“Occupy Tokyo:” Nuclear Power and Protest in Japan

by John D’Amico:

The “Occupy” movement, growing out of rising dissatisfaction with the uneven distribution of wealth in America, has been a vehicle for all kinds of disappointment.  Though initially focused on a very unique American institution—Wall Street—the movement, with its simple but compelling call for social and economic justice, found a global audience.  In Japan, where two decades of economic stagnation have provided a fertile ground for class-based discontent, the protests in Tokyo this past week took on a unique character in light of March’s tsunami and nuclear catastrophe.

For many Japanese, these Occupy protests come only as a continuation of earlier, much more intense anti-nuclear agitation throughout the past few months.  Obvious concerns with the safety of nuclear power usage in a country so often plagued by earthquakes had combined with outrage over the clear failure of corporations and government alike to properly regulate the source of 29% of Japan’s energy inspired mass protests this past September, with over 60,000 taking to the streets in Tokyo.

Anti nuclear power protests have become common in Japanese cities. (SandoCap/Flickr Creative Commons)

The Japanese public wasn’t always so vehemently anti-nuclear.  Nuclear power functioned as an engine for economic growth in postwar Japan.  As rural populations moved to major cities like Tokyo and Osaka in the postwar boom, nuclear power plants created jobs and real opportunity in the countryside, revitalizing agricultural communities throughout the countryside.  Before the events of 3/11, Japan looked to depend on nuclear power for 50% of its energy needs by 2030.  The nuclear fiasco at Fukushima prompted widespread, and previously unheard-of, condemnation from the public, leaving Japan’s leaders in a difficult position.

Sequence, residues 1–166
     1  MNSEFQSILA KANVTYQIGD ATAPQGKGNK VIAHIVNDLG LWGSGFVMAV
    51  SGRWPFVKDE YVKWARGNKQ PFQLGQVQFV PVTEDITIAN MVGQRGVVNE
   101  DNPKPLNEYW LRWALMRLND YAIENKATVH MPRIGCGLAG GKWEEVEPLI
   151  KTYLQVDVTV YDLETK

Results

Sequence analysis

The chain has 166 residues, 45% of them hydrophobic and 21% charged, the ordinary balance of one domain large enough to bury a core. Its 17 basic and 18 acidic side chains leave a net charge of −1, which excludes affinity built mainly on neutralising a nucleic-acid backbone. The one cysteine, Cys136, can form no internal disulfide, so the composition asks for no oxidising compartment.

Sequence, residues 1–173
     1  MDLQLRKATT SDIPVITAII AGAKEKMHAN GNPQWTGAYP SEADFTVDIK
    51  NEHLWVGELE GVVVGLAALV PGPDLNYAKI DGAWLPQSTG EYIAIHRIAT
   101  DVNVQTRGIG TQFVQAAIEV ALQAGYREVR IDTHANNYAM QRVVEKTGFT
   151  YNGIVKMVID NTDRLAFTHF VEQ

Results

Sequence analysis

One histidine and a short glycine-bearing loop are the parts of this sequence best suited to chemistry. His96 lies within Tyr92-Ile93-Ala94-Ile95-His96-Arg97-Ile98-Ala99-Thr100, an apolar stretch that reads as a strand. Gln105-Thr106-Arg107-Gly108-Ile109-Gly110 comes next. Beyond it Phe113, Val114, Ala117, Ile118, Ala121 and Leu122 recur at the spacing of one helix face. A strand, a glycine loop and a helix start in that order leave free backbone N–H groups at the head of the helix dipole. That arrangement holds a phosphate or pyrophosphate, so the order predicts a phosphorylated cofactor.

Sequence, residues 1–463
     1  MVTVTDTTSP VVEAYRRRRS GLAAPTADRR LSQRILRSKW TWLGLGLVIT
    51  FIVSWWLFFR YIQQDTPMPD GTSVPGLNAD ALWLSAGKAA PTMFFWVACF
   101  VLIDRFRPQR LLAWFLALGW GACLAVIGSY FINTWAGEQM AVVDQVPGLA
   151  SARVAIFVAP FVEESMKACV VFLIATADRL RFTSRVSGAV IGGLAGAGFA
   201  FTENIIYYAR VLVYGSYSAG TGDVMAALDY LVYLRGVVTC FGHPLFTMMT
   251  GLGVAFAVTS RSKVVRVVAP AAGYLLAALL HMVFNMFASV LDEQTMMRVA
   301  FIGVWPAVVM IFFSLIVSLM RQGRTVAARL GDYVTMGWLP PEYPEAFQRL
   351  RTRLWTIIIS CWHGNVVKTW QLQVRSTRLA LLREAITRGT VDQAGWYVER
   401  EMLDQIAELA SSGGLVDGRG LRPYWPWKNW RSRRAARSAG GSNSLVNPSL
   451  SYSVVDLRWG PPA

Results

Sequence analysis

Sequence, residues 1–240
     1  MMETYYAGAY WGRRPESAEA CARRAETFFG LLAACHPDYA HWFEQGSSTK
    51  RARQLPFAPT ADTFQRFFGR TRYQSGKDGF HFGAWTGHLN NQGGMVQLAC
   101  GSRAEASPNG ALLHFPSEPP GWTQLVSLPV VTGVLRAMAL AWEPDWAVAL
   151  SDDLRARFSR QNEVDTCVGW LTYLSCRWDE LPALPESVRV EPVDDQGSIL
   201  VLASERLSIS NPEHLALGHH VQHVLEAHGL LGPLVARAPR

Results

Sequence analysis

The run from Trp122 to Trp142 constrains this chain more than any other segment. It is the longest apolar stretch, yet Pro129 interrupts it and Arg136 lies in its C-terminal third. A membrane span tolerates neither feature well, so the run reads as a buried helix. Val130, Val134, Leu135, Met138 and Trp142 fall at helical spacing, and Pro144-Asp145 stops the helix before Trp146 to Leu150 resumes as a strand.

Heads of business and government depend on the nuclear power infrastructure to service key industries. Nuclear plants in Fukui Prefecture power the factories of globally significant corporations such as Sharp, Panasonic, and Toshiba.  But the tsunami and its aftermath crippled Japanese manufacturers. Recent flooding in Thailand, where many Japanese companies host their overseas manufacturing complexes, added insult to injury.  Nuclear energy fuels these companies’—and by extension, Japan’s—prosperity.  Popular pressure on the government to shut down plants nationwide will likely not pan out given the clear economic benefits the current nuclear power system present to both ordinary people in the countryside and some of the nation’s largest and most successful corporations.

The powers that be in Japan need the current nuclear system to persist.  Unfortunately, clumsy efforts on the part of power companies to improve the image of nuclear power are backfiring rather dramatically.  Of course, Tokyo Electric Power Company (TEPCO) first downplayed the threat of the meltdown at Fukushima, stirring feelings of betrayal and resentment across Japan.  Recently, the Kyushu Electric Power Company committed an even more egregious offense in the name of preserving nuclear power’s public image: it flooded local public meetings with its own undercover employees in order to voice support for nuclear power; sent pro-nuclear emails to TV programs; and actively conspired with the governor of Saga Prefecture to manipulate public opinion in favor of reopening Kyushu Electric’s Genkai nuclear power plant.  A seemingly out-of-touch Japanese leadership doesn’t help the case for nuclear power either.  Even members of RENGO, the federation of labor unions that includes many employees of the nuclear industry, joined the protests last September.

Nevertheless, the fate of the antinuclear movement seems tenuous at best.  In this era of Occupy Wall Street and the Arab Spring, it still remains to be seen if protest can achieve much more modest goals in Tokyo.

John D’Amico ’15 is in Pierson College. He is a Globalist Notebook Beat Blogger on topics relating to East Asian politics and culture. Contact him at john.c.damico@yale.edu.